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Drone swarms, other weapons lethality trends and their data implications

  • Alan Morrison 


The State of the Union (SOTU) address is an annual event. On the night of the event, both houses of the US Congress, President and Cabinet, military leaders, members of the Diplomatic Corps and their invited guests gather in the House Chamber for the President’s assessment of the country’s status and direction. The Wilson Administration began the tradition of an in-

It’s now 2026 and time for the SOTU address. Inside the Chamber, all are seated, and the President has begun his speech. Attendees are preparing themselves for a long speech frequently interrupted by applause.

Unbeknownst to those in the Chamber, a swarm of small bots has been lurking up on the ceiling, for months now, ever since the room was freshly painted. Collapsed, dormant, almost entirely unnoticeable, and resembling decorative ceiling fixtures, they’re painted with the same colors and shades as what’s immediately around them.

All at once, these bots awaken quietly, slowly unfold themselves, detach from the ceiling surface and begin to move. Gradually, they’re in position to take off. They can either fly, climb, crawl or walk stealthily, and use their sensors and built-in intelligence to navigate and keep from running into one another when swarming.

The bots start hovering overhead, but the audience haven’t spotted the bots yet; the people in the room are still focused on what’s going on at floor level. The bots are methodically scanning the floor. Soon they’ve identified their targets and will use facial recognition to do more precise targeting.

Once they’re done scanning, the bots strike. They zoom quickly up to their targets, Many open fire, one shot at a time.

Chaos erupts on the floor of the Chamber. But the bots continue to methodically hunt down and kill their targets. 

The intention of such an elaborate plot of placing and mobilizing bots in the Chamber has been to assassinate particular members of Congress, who are conveniently, once every year, all in the same place at the same time.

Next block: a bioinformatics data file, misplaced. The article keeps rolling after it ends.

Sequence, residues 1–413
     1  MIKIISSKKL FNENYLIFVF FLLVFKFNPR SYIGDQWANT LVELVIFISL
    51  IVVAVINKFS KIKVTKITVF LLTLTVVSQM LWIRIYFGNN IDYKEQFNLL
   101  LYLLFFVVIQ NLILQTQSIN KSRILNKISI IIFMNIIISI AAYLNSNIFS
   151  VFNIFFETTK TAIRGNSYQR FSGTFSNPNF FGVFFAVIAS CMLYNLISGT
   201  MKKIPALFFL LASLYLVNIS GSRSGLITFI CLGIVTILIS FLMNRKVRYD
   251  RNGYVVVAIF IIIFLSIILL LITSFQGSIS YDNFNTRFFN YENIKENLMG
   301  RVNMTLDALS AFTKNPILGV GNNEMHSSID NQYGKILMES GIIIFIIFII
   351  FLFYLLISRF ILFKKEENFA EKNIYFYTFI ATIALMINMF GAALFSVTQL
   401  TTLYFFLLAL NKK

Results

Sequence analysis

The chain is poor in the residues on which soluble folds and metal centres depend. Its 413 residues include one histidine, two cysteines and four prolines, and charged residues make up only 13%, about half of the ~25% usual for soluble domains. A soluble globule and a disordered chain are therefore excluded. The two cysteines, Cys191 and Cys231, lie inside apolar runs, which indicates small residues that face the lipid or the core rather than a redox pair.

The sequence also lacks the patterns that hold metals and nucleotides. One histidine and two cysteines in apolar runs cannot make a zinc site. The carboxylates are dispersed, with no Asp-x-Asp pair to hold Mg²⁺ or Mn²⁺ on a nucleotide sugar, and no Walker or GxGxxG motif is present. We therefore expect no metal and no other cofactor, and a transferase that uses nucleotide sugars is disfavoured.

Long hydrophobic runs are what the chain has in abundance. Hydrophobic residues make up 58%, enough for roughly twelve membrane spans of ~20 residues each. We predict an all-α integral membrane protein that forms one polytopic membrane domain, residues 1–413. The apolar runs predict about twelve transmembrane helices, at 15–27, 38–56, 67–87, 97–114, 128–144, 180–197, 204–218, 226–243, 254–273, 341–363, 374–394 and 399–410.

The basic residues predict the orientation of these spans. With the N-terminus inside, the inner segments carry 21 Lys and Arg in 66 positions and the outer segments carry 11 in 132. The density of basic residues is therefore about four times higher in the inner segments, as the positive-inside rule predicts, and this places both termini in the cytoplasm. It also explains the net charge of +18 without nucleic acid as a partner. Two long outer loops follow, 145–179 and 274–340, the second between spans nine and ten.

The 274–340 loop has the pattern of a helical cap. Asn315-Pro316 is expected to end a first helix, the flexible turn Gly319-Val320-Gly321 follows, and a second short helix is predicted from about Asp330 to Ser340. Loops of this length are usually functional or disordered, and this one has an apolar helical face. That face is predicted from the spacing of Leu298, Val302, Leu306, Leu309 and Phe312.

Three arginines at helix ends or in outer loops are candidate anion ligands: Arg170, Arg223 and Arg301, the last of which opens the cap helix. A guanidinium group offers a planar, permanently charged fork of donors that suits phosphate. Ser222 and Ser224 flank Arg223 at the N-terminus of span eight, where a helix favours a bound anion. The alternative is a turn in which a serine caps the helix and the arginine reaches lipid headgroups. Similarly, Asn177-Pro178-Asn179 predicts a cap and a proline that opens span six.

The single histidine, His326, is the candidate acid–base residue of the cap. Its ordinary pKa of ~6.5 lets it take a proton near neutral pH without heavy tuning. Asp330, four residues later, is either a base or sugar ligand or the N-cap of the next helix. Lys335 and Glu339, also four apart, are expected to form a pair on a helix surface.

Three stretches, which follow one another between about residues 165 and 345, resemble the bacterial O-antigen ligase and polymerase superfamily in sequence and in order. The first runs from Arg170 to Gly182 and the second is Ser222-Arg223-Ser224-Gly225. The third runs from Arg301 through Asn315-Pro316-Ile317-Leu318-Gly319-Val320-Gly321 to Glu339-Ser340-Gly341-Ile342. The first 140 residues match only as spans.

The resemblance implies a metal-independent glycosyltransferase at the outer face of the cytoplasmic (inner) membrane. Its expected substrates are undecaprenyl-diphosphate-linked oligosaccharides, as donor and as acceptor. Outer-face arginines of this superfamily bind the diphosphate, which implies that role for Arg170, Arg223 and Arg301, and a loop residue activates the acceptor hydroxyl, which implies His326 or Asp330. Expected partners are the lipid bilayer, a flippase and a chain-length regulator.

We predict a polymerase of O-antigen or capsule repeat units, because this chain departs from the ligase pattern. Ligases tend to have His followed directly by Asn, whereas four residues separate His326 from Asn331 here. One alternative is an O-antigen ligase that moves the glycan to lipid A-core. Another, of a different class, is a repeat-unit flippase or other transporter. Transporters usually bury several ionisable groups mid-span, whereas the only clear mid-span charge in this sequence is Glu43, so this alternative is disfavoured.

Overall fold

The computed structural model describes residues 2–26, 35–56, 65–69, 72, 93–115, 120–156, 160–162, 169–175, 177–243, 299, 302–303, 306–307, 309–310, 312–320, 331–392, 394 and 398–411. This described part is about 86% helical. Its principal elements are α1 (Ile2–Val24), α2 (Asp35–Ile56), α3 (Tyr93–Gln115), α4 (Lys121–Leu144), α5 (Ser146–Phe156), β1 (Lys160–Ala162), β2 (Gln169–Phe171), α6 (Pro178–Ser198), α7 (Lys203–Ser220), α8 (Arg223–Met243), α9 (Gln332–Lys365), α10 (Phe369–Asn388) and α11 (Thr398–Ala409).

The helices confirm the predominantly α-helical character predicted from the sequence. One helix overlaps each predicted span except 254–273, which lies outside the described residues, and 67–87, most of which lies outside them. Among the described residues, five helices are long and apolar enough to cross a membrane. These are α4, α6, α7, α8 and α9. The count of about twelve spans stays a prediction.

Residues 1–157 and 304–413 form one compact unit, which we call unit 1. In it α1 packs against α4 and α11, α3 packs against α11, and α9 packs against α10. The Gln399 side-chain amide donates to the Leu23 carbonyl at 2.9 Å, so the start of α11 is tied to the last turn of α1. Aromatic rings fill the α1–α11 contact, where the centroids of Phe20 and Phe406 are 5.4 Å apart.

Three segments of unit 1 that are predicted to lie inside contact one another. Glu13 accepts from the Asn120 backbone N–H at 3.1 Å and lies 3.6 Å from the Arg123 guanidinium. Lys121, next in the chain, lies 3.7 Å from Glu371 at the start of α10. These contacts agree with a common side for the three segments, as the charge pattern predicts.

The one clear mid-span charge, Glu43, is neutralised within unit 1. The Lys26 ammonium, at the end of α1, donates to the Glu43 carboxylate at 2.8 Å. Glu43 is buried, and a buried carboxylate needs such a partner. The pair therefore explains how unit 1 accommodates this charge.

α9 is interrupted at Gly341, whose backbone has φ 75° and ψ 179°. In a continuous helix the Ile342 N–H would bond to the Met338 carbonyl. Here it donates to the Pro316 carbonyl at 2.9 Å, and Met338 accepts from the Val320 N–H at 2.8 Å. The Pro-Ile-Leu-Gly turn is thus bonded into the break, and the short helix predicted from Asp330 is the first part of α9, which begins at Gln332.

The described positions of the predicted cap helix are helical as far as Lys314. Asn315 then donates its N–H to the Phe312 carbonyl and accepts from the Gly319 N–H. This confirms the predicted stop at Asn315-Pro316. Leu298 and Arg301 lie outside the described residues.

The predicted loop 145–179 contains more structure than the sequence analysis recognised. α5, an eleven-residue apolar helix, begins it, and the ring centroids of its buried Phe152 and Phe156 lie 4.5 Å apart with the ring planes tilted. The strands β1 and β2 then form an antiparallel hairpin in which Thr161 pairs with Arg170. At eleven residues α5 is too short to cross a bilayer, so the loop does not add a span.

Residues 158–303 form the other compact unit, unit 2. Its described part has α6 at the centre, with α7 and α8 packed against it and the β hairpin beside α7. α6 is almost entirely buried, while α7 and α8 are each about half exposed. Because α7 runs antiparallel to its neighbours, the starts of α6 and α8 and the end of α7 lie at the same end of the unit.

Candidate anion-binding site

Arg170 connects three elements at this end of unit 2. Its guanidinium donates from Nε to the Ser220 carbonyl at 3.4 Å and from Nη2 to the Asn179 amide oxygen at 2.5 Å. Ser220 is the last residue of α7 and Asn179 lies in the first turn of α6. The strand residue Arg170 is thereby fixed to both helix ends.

Implications for information technology and the data community

Been thinking about the events of this past week, which led me to ponder how many lethal weapons are already in private hands, and how weaponry is becoming more mobile, lightweight, efficient, and lethal. What are the implications for data science?

Some of the observations I would make about this topic:

  1. The trend toward more and more weapons lethality and ubiquity has been evident since the invention of gunpowder. But technological innovation has more recently taking an exponential growth path, particularly since World War I. Often improvements impact new weaponry in multiple ways at once.
  2. What are the implications in the 21st century? More and more power ends up in the hands of individuals, including in the hands of the misguided, emotionally distraught and untrained.
  3. This trend also applies to information technologies and other techs that can be empowering in more indirect ways than physical weapons. Think for a moment about the public cloud and all the tooling a given software or data professional has at their disposal. Consider also the vulnerabilities of public cloud services and how those could become the means for the unauthorized to hijack services, disrupt communications, or disable countermeasures.
  4. At the core of today’s information technology empowerment is data, as evidenced in the data economy and the rising ability to monetize that data.
  5. Now think about the coming together of advanced robotics, autonomy, mobility between air, sea and land, and miniaturization.
  6. On the aerial robotics front, we’re facing the prospect of swarms of bots accomplishing a number of purposes like the one described above, malicious or  .
  7. Larger vehicles could transport these swarms and provide portable recharging. Those larger vehicles could autonomously charge themselves at public charging stations.
  8. This is power projection on a large scale that could potentially be overseen by one person.
  9. Now think about the countermeasures we’d have to develop given the threat. All these swarms would have only small, often entirely undetectable electronic emissions footprints, and they’d be managed through encrypted networks even if only intermittently to avoid detection.
  10. Smart city infrastructure would be providing the connectivity and the surveillance capability.
  11. Society would have to choose a high level of surveillance given the nature of the threat.
  12. Individuals would have to learn to tolerate this high level of surveillance wherever they live and work.
  13. Law enforcement would have to be collaborative across jurisdictions to an extent that’s hard to imagine today.
  14. For that level of data sharing, law enforcement agencies would require more radical desiloing, at least the equivalent of a knowledge graph foundation and a core of data intelligence.
  15. Societies at large, particularly in densely populated areas, couldn’t risk operating in a siloed fashion.

The more capable technology becomes, the more threats emerge and the more we’ll have to counter new threats. Which implies we’ll have to do more to anticipate, detect and counter the use of newer, more powerful lethal weapons that can act autonomously on behalf of those who seek to do harm. 

Which means there’s even more urgency to transform data infrastructure, as well as how data is managed.

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